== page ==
Kosmos 611

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Kosmos 611
Mission type ABM radar target
COSPAR ID 1973-094A
Spacecraft properties
Spacecraft type DS-P1-Yu
Manufacturer Yuzhnoye
Launch mass 400 kilograms (880 lb)
Start of mission
Launch date 28 November 1973, 09:29:58 (1973-11-28UTC09:29:58Z) UTC
Rocket Kosmos-2I 63SM
Launch site Plesetsk 133/1
End of mission
Decay date 19 June 1974 (1974-06-20)
Orbital parameters
Reference system Geocentric
Regime Low Earth
Perigee 264 kilometres (164 mi)
Apogee 466 kilometres (290 mi)
Inclination 70.9 degrees
Period 91.8 minutes

Kosmos 611 (Russian: Космос 611 meaning Cosmos 611), known before launch as DS-P1-Yu No.64, was a Soviet satellite which was launched in 1973 as part of the Dnepropetrovsk Sputnik programme. It was a 400-kilogram (880 lb) spacecraft, which was built by the Yuzhnoye Design Bureau, and was used as a radar calibration target for anti-ballistic missile tests.[1]


Kosmos 611 was successfully launched into low Earth orbit at 09:29:58 UTC on 28 November 1973.[2] The launch took place from Site 133/1 at the Plesetsk Cosmodrome,[3] and used a Kosmos-2I 63SM carrier rocket.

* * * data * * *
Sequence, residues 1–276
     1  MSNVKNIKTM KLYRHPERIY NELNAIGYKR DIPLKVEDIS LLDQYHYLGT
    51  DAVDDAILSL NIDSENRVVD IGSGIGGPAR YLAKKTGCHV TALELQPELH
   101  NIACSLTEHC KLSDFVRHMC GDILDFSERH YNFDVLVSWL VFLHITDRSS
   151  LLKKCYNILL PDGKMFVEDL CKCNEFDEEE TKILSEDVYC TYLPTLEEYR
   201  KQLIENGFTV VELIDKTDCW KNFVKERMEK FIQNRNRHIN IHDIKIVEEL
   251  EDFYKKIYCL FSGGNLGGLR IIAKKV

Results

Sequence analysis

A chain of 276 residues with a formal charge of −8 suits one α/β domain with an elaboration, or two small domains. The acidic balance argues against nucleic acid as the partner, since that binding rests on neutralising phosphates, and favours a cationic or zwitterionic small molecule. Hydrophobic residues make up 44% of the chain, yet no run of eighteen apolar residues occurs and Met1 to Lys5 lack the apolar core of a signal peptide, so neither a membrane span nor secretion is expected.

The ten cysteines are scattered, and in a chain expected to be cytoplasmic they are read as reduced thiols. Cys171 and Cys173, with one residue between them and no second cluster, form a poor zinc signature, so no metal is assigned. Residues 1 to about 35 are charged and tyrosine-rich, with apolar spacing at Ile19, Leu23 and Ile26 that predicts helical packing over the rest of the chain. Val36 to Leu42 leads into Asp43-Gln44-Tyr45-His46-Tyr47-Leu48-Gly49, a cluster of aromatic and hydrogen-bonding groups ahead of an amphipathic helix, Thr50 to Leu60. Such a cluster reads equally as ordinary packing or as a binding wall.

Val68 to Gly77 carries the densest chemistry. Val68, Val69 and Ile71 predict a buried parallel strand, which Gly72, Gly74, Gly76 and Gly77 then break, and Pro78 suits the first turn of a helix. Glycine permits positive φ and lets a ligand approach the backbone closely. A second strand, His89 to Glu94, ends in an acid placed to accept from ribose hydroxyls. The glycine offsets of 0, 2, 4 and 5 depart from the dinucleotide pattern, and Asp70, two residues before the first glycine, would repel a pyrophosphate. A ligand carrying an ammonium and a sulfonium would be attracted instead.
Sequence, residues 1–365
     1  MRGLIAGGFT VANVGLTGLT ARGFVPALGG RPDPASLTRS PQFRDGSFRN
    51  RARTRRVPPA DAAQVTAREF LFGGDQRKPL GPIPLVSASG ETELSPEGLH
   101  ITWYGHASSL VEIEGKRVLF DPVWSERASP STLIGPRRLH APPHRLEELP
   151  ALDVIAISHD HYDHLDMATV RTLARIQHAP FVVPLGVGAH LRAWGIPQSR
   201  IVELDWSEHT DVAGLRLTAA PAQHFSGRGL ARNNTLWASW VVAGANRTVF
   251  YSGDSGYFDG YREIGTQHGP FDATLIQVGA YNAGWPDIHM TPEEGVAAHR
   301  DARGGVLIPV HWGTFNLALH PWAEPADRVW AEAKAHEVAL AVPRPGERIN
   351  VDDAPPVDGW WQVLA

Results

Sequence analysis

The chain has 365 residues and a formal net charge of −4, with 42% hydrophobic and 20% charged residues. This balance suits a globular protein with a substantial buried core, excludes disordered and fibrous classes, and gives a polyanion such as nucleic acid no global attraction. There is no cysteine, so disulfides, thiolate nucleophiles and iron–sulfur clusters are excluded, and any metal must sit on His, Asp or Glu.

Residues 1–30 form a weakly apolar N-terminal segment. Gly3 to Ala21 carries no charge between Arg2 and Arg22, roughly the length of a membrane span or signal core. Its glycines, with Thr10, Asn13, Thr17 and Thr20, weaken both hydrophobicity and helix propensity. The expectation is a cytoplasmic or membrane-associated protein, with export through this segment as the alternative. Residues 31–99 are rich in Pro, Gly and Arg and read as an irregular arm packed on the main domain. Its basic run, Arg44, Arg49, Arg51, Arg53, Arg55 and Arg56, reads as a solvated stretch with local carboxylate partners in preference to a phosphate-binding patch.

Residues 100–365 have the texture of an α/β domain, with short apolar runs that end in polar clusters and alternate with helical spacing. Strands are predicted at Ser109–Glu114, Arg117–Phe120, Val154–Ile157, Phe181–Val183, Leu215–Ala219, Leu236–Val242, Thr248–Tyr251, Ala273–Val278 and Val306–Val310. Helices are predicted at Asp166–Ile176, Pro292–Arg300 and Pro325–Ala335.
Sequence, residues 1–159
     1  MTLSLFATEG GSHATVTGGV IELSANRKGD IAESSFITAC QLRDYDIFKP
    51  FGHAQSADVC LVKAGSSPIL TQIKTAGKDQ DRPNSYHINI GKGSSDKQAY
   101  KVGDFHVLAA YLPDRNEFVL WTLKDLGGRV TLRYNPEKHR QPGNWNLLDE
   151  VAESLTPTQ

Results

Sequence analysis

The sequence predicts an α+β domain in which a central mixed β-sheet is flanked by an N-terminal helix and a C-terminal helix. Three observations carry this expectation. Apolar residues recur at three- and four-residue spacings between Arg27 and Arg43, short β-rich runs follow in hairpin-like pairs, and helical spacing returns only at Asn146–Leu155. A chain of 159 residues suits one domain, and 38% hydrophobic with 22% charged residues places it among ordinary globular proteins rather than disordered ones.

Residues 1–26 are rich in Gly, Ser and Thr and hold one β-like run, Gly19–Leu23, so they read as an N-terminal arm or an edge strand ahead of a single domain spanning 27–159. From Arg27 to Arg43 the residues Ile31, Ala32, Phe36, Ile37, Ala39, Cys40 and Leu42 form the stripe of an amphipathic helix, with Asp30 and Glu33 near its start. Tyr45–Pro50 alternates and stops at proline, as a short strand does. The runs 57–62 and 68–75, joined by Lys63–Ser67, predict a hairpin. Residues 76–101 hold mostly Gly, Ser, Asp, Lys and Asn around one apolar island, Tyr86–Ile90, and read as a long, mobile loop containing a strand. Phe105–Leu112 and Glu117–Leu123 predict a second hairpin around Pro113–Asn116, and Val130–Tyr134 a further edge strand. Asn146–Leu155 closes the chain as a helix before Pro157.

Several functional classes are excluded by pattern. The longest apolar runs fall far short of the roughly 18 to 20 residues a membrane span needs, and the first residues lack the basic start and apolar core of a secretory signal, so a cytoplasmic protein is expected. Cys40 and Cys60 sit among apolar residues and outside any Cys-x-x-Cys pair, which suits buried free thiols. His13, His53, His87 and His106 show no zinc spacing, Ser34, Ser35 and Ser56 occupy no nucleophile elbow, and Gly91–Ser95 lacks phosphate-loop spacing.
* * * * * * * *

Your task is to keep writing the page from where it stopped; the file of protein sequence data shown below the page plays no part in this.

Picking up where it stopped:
Upon reaching orbit, the satellite was assigned its Kosmos designation, and received the International Designator 1973-094A.[4] The North American Aerospace Defense Command assigned it the catalogue number 06952.

Kosmos 611 was the sixty-seventh of seventy nine DS-P1-Yu satellites to be launched,[1] and the sixty-first of seventy two to successfully reach orbit.[5] It was operated in an orbit with a perigee of 264 kilometres (164 mi), an apogee of 466 kilometres (290 mi), 70.9 degrees of inclination, and an orbital period of 91.8 minutes.[6] It remained in orbit until it decayed and reentered the atmosphere on 19 June 1974.[6]

See also[edit]


  1. ^ a b Wade, Mark. "DS-P1-Yu". Encyclopedia Astronautica. Retrieved 2009-09-01. 
  2. ^ Wade, Mark. "Kosmos 2". Encyclopedia Astronautica. Retrieved 2009-09-01. 
  3. ^ McDowell, Jonathan. "Launch Log". Jonathan's Space Page. Retrieved 2009-09-01. 
  4. ^ "Cosmos 611". NSSDC Master Catalog. US National Space Science Data Center. Retrieved 2009-09-01. 
  5. ^ Krebs, Gunter. "DS-P1-Yu (11F618)". Gunter's Space Page. Retrieved 2009-09-01. 
  6. ^ a b McDowell, Jonathan. "Satellite Catalog". Jonathan's Space Page. Retrieved 2009-09-01.